Yazid Jalil doubles up as the bureaucratic curator and the grumpy, but sympathetic security guard who assists in the heist. He displays versatility in both puppetry work and acting as he has to switch characters at a (sometimes literal) drop of a cap.
The duo also showcased some sensitive puppeteering. As the lines of Ah Ma are delivered through a voiceover, the timing has to be absolutely right with details such as breathing or crying added in.
Apart from a sense of poignancy, there is also a sense of child-like playfulness. While Ah Ma steals the show, there is also some—for a lack of a better term— “informal puppetry” going on.
Tan would sometimes hold and move the curator’s spectacles or security guard’s cap while Yazid delivers his lines before quickly changing characters. This harkens back to the games of make-believe we play as children—perhaps carelessly moving a soft toy while giving it voices might be our very first contact with puppetry.
Mitchell Fang (left) and Deonn Yang (right) handle Moon Baby as it stands on the body of Becca D’Bus / Photo: Tuckys Photography
In line with the provocative title, “Suck Sweat Dry, Baby!”, drag queen Becca D’Bus does not hold back and questions the premise of the whole endeavour. In her first monologue of the piece, she asks what is there to remember for a company with slightly over 20 years of history, and suggests that something only has monetary value if it has a history.
While that might be incredibly cynical, one cannot help but wonder if there is a kernel of truth when most arts companies are so reliant on state funding, and they have to constantly justify their value to stay afloat.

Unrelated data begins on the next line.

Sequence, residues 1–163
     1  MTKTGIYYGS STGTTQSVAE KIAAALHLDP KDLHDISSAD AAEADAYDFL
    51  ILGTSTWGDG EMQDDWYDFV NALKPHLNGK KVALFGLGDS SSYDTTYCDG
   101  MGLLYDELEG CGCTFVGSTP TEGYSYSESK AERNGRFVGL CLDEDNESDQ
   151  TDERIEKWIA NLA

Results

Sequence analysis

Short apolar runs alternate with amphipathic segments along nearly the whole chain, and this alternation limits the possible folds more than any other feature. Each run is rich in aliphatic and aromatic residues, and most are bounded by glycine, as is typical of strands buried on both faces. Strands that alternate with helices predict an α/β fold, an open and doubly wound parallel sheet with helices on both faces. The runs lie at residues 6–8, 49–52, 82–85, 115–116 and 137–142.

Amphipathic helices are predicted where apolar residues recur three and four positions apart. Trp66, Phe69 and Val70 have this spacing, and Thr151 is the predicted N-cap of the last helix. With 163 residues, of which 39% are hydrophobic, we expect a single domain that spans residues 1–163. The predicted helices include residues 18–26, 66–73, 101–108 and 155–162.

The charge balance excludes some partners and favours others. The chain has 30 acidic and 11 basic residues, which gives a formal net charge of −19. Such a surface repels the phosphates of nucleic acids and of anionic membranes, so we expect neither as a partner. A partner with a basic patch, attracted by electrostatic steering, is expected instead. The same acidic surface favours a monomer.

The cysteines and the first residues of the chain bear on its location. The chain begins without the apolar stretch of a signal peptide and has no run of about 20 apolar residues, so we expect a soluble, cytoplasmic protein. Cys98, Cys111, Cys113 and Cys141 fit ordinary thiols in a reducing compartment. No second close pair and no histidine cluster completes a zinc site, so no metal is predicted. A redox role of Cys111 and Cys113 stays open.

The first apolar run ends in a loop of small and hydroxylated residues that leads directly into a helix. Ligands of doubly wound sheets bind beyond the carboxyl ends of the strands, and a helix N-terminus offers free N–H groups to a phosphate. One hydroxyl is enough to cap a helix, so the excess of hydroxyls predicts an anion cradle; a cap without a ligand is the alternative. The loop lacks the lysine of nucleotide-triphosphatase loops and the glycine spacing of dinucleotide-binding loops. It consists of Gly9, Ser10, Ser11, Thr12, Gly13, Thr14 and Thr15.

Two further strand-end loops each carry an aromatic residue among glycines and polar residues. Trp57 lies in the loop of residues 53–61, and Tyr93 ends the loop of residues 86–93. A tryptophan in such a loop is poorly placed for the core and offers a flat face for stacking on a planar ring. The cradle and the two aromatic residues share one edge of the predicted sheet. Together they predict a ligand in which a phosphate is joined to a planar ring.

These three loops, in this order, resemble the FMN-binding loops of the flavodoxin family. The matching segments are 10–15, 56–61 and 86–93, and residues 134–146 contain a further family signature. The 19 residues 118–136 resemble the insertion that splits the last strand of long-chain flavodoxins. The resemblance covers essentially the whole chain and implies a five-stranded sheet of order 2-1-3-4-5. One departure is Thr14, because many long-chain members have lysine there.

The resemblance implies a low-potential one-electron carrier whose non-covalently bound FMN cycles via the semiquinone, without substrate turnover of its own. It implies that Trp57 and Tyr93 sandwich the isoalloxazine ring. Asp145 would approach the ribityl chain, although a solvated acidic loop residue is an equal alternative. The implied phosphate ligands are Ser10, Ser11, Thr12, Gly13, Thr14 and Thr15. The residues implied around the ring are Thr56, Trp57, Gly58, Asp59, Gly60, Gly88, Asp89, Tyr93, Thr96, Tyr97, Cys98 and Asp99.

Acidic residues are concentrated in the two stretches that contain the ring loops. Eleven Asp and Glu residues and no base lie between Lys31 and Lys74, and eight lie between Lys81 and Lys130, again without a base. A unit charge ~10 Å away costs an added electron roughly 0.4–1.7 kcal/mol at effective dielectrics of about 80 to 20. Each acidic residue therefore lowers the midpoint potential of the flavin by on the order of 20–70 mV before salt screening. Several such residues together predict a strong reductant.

Beyond the usual drag act of lip-syncing to Johnny Cash’s Ring of Fire, the provocation continues in a pastiche of scenes with different puppets.
In one scene we see Moon Baby hiking up Bukit Timah Hill, represented by the contours of D’Bus’ corseted body. In the course of people-watching, a taxonomy of hikers is created, as Moon Baby wonders about human behaviour and the image that we are trying to portray to others.
In another scene, we see Sponge Girl inadvertently hooking up with Samsui Woman. And we soon see both puppets laying on top of each other while Deonn Yang and Mitchell Fang, who are in full drag, create sound effects that suggest copulation.
In most puppetry traditions, the puppets are often seen as performers themselves and are often treated with a sense of reverence. As such, it might be initially uncomfortable to see the puppets in this new context, which veers into the profane.
But it is the same reverence that allows us to imbue them with human qualities, and the provocation soon becomes an exploration of human frailties and desire.
One leaves the piece unsure of what one has just witnessed, but there is a tacit understanding of the need for human connection.
With Puppet Origin Stories set to be a yearly fixture, the premise and overall direction of the first instalment is a good start. I cannot wait to see how this platform evolves in years to come.
“Theatre review: Open-ended challenges in Puppet Origin Stories that linger” by Charmaine Lim, The Straits Times Life! (Review is behind a paywall.)
“关于守护的问题——观 ‘Puppet Origin Stories'” by 杨明慧, 剧读 thea.preter
“到经禧艺术中心作客—— 观《偶起源故事@126》” by 梁海彬, 剧读 thea.preter
[Interview] Puppet Origin Stories: Same Puppets, New Stories — My interview with the creators of the pieces.
Puppet Origin Stories: Peng — An article about how Peng, which is featured in “Jabber”, came to be.
Puppet Origin Stores: Faceless Maiden — An article about how Faceless Maiden, which is featured in “Jabber”, came to be.
Puppet Origin Stories: Ah Ma — An article about how Ah Ma, which is featured in “AH MA”, came to be.
Puppet Origin Stories: Moon Baby — An article about how Moon Baby, which is featured in “Suck Sweat Dry, Baby!”, came to be.
Puppet Origin Stores: Sponge Girl — An article about how Sponge Girl, which is featured in “Suck Sweat Dry, Baby!”, came to be.
Puppet Origin Stories: Samsui Women — An article about how Samsui Woman, which is featured in “Suck Sweat Dry, Baby!”, came to be.